But more than that, Fuentes added, “The basis of our project is pretty much helping out people who do have physical limitations, who do have disadvantages. … Sometimes people with arthritis do struggle to carry their own luggage – that’s something we took into consideration. What can we make for those travelers to give them a little more freedom?”

The team members said their smart valet, powered by a lithium battery, isn’t quite fully autonomous. They would like to add more sensors to it for object avoidance. They also learned a lot about the adjustments they needed to make to their design, such as speed adjustments to different kinds of flooring.

One of the considerations the team made in the design was to include a removable and rechargeable lithium battery that could be properly stowed away to comply with FAA regulations, since lithium batteries have been prone to overheating. The team also included a safety feature in the design, a cut-off feature for the lithium battery, to protect the motor drivers by making sure the battery doesn’t fully discharge. The cut-off feature turns off the battery, too, when it is low so it isn’t drained of its power.

Fuentes’ team was one of two Smart Valet teams mentored by Engineering faculty instructor Craig Price that presented their work at the showcase. The other team included Dante De Simone, Eric Kamanzi and Sean Stouffer.

One of the teams created a crash test dummy to be used to test canine harnesses. There currently is no standard in the market for canine harnesses.

Other students developed a crash test dummy to be used to test canine harnesses. The team, which included Sebastian Fajardo, Christian Messick-Zamudio, Jake Nickoloff and Thien Nguyen, was mentored by Dina Higgins, who teaches mechanical engineering technology at GCU and worked on seatbelt design in the auto industry.

“The reason why we’re doing this is because there is no standard out there in the market that says that each one of the harnesses has been crash tested in a specific way,” said Fajardo, a mechanical engineering student.

According to the team, add-on seat belt systems for vehicles are designed to restrain pets, namely dogs. In 2020, pet restraint manufacturers began working with the American Society for Testing Standards to define a crash test standard all pet harnesses would have to pass if a system is being marketed as “crash tested.”

The team decided to work on a canine crash test dummy for a medium-size dog.

One challenge for the team was that it was hoping to work with a seatbelt harness manufacturer to test its pet crash test dummy. But Fajardo said that because of COVID-19 restrictions, the team wasn’t able to work with that manufacturer.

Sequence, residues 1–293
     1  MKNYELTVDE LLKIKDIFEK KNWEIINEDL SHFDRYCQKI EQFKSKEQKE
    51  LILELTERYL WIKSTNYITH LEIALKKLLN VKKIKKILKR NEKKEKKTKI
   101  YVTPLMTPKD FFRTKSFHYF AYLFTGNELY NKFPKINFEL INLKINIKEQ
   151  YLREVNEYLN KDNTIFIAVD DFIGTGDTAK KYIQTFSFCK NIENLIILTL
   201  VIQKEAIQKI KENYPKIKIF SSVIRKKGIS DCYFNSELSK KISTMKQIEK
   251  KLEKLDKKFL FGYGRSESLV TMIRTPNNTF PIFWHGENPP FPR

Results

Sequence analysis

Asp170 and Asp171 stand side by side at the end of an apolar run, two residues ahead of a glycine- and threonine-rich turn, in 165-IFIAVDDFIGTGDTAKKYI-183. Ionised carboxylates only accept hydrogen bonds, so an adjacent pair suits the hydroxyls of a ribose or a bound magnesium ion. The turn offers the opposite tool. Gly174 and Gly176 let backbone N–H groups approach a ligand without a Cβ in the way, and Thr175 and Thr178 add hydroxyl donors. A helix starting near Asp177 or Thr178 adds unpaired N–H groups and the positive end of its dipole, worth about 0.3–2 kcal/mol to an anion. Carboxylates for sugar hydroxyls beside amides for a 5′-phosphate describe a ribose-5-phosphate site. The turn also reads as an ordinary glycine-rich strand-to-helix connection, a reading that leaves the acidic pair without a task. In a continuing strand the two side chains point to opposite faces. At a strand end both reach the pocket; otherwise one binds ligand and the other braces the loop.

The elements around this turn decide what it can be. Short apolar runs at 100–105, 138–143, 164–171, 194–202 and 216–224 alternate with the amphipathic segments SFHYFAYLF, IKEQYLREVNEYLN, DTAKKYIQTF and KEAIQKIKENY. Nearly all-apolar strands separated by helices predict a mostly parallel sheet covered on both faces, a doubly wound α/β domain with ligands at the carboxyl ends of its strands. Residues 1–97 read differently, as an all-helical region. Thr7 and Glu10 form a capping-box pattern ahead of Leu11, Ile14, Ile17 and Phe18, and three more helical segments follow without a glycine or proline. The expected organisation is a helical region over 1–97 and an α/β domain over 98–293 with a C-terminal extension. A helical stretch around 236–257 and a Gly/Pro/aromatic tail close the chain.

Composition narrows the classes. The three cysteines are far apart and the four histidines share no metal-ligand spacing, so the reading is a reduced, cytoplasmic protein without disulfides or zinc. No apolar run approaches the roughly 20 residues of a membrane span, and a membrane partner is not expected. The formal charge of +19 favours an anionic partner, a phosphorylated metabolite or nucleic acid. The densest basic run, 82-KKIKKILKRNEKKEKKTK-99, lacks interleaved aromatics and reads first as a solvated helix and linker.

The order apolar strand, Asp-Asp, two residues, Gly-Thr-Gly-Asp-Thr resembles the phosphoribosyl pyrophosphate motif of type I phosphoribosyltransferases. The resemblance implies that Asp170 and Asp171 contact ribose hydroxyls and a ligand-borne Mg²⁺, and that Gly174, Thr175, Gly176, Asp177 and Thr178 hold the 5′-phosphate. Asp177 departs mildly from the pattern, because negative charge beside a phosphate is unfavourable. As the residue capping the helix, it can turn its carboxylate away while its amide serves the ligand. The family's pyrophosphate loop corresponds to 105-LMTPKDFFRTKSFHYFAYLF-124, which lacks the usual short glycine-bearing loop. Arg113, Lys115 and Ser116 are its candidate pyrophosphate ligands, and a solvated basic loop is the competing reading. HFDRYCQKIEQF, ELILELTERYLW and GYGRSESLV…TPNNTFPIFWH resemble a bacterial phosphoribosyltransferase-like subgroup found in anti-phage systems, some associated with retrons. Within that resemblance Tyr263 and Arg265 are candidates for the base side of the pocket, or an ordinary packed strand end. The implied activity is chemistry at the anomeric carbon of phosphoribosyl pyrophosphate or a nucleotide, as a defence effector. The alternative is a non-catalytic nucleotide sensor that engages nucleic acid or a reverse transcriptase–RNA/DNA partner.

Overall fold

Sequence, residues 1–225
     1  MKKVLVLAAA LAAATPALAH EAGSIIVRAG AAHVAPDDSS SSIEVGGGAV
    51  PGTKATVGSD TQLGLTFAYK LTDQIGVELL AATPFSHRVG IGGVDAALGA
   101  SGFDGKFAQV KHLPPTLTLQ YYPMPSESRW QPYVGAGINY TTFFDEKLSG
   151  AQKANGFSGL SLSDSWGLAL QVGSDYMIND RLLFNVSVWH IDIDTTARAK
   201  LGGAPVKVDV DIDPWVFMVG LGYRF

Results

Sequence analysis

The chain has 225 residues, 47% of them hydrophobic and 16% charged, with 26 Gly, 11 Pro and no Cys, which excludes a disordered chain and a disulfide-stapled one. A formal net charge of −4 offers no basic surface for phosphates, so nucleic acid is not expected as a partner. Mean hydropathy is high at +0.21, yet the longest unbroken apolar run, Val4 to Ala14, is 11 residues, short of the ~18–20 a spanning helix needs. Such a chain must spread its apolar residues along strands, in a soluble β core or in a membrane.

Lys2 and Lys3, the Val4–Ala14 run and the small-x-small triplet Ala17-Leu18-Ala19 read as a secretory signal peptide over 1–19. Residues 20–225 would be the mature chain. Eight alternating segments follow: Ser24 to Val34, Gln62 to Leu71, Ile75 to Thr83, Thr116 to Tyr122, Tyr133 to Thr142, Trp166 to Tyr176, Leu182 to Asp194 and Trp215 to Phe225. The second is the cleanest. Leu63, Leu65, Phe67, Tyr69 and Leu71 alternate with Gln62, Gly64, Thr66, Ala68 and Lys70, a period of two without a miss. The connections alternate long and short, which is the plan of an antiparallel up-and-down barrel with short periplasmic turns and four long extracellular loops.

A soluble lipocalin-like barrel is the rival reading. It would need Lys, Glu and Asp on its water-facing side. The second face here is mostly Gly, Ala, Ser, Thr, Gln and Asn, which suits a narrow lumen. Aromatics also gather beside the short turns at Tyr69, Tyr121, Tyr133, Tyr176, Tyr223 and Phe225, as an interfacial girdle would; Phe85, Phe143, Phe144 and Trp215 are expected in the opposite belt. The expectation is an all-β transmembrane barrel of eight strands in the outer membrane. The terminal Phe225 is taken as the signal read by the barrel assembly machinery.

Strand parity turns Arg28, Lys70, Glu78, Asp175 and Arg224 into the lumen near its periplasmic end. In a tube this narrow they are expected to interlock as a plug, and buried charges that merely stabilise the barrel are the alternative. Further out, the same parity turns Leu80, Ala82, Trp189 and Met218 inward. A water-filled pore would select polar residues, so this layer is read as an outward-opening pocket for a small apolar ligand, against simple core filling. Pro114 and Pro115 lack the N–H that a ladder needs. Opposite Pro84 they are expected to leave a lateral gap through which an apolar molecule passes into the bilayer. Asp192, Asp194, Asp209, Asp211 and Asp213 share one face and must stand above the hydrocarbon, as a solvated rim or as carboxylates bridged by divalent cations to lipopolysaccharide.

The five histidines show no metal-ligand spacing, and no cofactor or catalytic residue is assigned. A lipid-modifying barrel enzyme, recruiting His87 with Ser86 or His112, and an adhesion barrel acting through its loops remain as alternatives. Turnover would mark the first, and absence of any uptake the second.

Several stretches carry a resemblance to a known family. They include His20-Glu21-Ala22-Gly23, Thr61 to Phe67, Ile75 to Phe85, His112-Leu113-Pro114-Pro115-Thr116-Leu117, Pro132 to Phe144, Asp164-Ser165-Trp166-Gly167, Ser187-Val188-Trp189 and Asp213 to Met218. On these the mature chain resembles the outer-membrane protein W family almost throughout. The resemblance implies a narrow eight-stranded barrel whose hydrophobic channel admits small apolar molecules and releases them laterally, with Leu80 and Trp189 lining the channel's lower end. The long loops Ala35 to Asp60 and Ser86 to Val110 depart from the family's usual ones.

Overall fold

But the team did perform three tests of its own on a canine dummy: a center of mass test, a configuration test and a drop test.

“Overall, the dummy passed all the tests,” said Nguyen, who showed visitors video of the drop test. The canine dummy did not sustain any damage after the test, she said.

Students explored 3D scanning and computer-based modeling to develop a 3D printable interface for a prosthetic leg.

The team of Alexander Cortez, Rubi Gordillo Santana, Kamui Peeples and Yvette Nkongho worked on a project called “Automatic Prosthetic Leg Customization.”

Modern prosthetics bind to a stump using a cup fitted by a prosthetist. The fit depends on the skill of that prosthetist.

The methods currently in use to fit a prosthetic cup, from using a mold or a scanner for a fitting through computer-aided design, are time consuming, according to the team. It can take weeks for the patient to receive the prosthetic. 

The team wanted to explore 3D scanning and computer-based modeling to develop a 3D printable interface for a prosthetic leg. The idea was to try to fit those prosthetics even better to minimize the abrasion and pain a patient may experience because of the fit of the cup. So they wanted to incorporate software to complete the fit by restructuring the base cup to the patient’s scanned stump. 

“It’s a new process of fitting a prosthetic on a patient,” said Cortez. “ … This method is going to scan it, but the software that is being created alters the cup to fit them automatically, so it’s an automatic fitting customization for the patient.”

As for so many of the engineering teams, their project wasn’t just a project.

Many of the students wanted to delve into a project with a servant mindset – to help others, whether it’s for pets or those with a disability.

“The end goal,” wrote the students who built the seating system for ACCEL, “is to serve others through the project and be a representation of why we are becoming engineers.”

Senior writer Lana Sweeten-Shults can be reached at [email protected] or at 602-639-7901.